Ellenabeich discusses options on land sale

Want to read more?

At the start of the pandemic in March we took the decision to make online access to our news free of charge by taking down our paywall. At a time where accurate information about Covid-19 was vital to our community, this was the right decision – even though it meant a drop in our income. In order to help safeguard the future of our journalism, the time has now come to reinstate our paywall, However, rest assured that access to all Covid related news will still remain free.

To access all other news will require a subscription, as it did pre-pandemic. The good news is that for the whole of December we will be running a special discounted offer to get 3 months access for the price of one month. Thank you for supporting us during this incredibly challenging time.

We value our content and access to our full site is only available with a  subscription. Your subscription entitles you to 7-day-a-week access to our website, plus a full digital copy of that week’s paper to read on your pc/mac or mobile device.  In addition, your subscription includes access to digital archive copies from 2006 onwards.

Just want to read one issue? No problem you can subscribe for just one week (or longer if you wish).

Already a subscriber?


Subscribe Now

Seil residents zoomed in to hear the latest community council news on plots of land and foreshore up for sale in the conservation village of Ellenabeich.

A freshwater lochan, former slate quarries, extensive foreshore on the Firth of Lorn and the remains of the Grade B-listed old pier are on the market and gathering interest.

The Estates Office in Oban is leading the sale for a landowning family, marketing it as ‘exciting opportunities’ that include landing stages for small vessels, a small car park and multiple parcels of other land suitable for possible future development.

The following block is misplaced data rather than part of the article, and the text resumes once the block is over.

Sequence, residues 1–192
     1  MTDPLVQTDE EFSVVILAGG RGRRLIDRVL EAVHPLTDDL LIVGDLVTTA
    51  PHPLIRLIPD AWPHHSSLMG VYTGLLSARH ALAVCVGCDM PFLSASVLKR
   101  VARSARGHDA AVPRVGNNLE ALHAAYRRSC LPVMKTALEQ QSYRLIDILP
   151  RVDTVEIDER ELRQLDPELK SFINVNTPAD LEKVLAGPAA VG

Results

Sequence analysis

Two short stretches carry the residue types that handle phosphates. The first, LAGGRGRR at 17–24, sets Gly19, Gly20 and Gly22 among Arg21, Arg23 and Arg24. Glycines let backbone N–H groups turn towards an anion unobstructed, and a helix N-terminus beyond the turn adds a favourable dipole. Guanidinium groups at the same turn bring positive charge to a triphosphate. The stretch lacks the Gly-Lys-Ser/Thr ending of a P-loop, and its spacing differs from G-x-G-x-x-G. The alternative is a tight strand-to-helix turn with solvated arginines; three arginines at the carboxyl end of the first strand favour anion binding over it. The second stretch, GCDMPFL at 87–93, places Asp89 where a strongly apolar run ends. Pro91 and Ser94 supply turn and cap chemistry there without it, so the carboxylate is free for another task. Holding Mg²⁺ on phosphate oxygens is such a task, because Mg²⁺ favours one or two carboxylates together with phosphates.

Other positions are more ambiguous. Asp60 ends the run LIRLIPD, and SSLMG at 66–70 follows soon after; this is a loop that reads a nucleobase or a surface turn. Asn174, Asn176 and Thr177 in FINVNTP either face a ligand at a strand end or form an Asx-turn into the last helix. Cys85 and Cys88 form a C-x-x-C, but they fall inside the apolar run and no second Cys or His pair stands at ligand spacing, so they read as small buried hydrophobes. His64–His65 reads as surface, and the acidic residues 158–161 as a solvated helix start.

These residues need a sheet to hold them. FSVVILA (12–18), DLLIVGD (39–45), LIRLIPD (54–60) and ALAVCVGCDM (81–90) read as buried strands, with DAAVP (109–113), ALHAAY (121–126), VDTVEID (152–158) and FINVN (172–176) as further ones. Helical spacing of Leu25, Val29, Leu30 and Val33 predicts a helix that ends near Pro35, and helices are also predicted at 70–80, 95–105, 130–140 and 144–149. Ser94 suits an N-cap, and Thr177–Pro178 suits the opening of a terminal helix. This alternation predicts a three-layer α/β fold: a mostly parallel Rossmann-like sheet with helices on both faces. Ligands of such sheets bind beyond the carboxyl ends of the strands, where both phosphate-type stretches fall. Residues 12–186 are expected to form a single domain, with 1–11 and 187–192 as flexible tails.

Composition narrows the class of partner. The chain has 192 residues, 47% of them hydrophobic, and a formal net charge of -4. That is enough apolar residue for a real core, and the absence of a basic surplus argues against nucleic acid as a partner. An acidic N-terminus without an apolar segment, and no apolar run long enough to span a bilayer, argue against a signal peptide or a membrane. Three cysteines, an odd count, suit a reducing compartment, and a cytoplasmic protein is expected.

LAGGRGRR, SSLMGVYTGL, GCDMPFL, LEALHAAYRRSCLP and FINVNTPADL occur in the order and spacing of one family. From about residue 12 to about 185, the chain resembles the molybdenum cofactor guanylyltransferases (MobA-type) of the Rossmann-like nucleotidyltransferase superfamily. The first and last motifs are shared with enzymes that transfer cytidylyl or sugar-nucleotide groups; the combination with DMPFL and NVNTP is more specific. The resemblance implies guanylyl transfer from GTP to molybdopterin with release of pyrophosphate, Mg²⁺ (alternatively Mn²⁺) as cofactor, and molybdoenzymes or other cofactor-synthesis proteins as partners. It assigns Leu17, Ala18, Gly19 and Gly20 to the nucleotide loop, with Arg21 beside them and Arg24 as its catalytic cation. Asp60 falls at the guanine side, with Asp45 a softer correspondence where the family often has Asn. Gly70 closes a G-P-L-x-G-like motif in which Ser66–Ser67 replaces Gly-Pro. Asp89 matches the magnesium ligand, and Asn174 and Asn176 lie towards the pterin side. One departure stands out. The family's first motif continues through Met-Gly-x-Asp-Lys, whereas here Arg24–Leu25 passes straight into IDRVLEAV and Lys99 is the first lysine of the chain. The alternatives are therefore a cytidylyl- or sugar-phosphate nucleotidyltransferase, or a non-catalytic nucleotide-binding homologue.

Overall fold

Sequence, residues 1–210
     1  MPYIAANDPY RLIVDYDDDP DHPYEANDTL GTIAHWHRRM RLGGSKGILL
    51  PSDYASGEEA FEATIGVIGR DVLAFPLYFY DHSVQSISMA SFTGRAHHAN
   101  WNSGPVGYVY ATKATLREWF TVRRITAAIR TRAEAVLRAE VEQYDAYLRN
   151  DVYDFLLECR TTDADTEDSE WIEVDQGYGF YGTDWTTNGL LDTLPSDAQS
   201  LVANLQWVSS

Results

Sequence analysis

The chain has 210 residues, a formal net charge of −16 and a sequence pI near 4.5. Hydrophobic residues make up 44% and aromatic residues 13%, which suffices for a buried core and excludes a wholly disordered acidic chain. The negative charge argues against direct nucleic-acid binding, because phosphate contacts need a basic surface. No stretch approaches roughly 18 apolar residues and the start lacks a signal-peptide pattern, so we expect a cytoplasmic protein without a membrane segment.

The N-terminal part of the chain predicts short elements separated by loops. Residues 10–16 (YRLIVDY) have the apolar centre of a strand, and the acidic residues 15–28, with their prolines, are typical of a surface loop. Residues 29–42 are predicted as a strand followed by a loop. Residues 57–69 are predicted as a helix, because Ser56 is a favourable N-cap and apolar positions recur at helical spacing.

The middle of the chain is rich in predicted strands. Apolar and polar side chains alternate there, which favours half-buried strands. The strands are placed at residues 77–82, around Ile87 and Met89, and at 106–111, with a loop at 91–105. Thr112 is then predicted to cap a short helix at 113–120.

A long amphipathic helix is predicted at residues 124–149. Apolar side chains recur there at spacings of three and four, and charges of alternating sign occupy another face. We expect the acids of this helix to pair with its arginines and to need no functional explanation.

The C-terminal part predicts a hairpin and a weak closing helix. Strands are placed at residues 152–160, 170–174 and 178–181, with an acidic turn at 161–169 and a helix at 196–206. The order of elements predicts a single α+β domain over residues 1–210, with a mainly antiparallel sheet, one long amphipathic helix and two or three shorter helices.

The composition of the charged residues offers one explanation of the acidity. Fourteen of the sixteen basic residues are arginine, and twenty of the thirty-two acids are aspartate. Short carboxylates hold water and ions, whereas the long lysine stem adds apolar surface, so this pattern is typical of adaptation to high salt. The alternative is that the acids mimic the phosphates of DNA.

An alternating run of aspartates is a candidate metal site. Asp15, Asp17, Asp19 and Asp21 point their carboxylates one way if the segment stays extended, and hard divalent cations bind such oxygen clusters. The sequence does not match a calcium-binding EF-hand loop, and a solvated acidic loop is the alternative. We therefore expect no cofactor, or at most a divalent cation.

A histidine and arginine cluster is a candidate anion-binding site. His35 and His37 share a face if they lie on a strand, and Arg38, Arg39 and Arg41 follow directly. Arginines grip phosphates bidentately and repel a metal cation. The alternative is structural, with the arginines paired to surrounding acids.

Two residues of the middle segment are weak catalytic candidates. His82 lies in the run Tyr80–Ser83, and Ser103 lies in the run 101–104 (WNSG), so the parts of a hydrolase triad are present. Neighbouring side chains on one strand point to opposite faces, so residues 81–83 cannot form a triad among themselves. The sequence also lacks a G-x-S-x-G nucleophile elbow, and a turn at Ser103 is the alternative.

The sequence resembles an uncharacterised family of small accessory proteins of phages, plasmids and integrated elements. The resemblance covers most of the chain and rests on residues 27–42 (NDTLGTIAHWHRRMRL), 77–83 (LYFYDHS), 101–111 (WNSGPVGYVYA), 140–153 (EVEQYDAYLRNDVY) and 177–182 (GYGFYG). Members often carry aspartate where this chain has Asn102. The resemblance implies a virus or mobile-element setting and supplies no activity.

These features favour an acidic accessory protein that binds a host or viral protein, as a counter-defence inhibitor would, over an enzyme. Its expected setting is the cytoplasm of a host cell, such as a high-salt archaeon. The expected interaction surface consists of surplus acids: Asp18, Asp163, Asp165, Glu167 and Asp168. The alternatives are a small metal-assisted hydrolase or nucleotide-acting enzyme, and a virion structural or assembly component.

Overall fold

But a number of villagers are already seeking legal advice and some are contacting the land register to dispute ownership of some of the smaller plots, claiming they belong to them.

The meeting heard that the plots also carried financial issues and liabilities, particularly with the old pier that is in such a state it is on the at risk register. Those costs, including public indemnity insurance, would demand an annual spend.

A conservation report by Argyll and Bute Council declared the old pier urgently needed money spending on it. The wall of the wave-lashed quarry next to it is also rapidly deteriorating.

Residents were told there was still a possibility that someone ‘from anywhere’ could come along and buy the whole package outright.

Seil and Easdale Community Council convenor Zim Knight told the heavily attended online meeting that a lot of  time and effort is being put in to talks, research and negotiations with a number of organisations and advisors to come up with options, some that he outlined and said could benefit the village.

He said the community council would continue to canvas people’s views and call another meeting soon.

‘We will be canvassing views to see how we can move forward. We are doing our best,’ he said.

Ward councillor Elaine Robertson commended the community council for their hard work.

‘I’m absolutely impressed at the amount of work that has been carried out. It’s a very complex situation and you have explained why at this meeting. You have options and people can feed back their views to you,’ she said.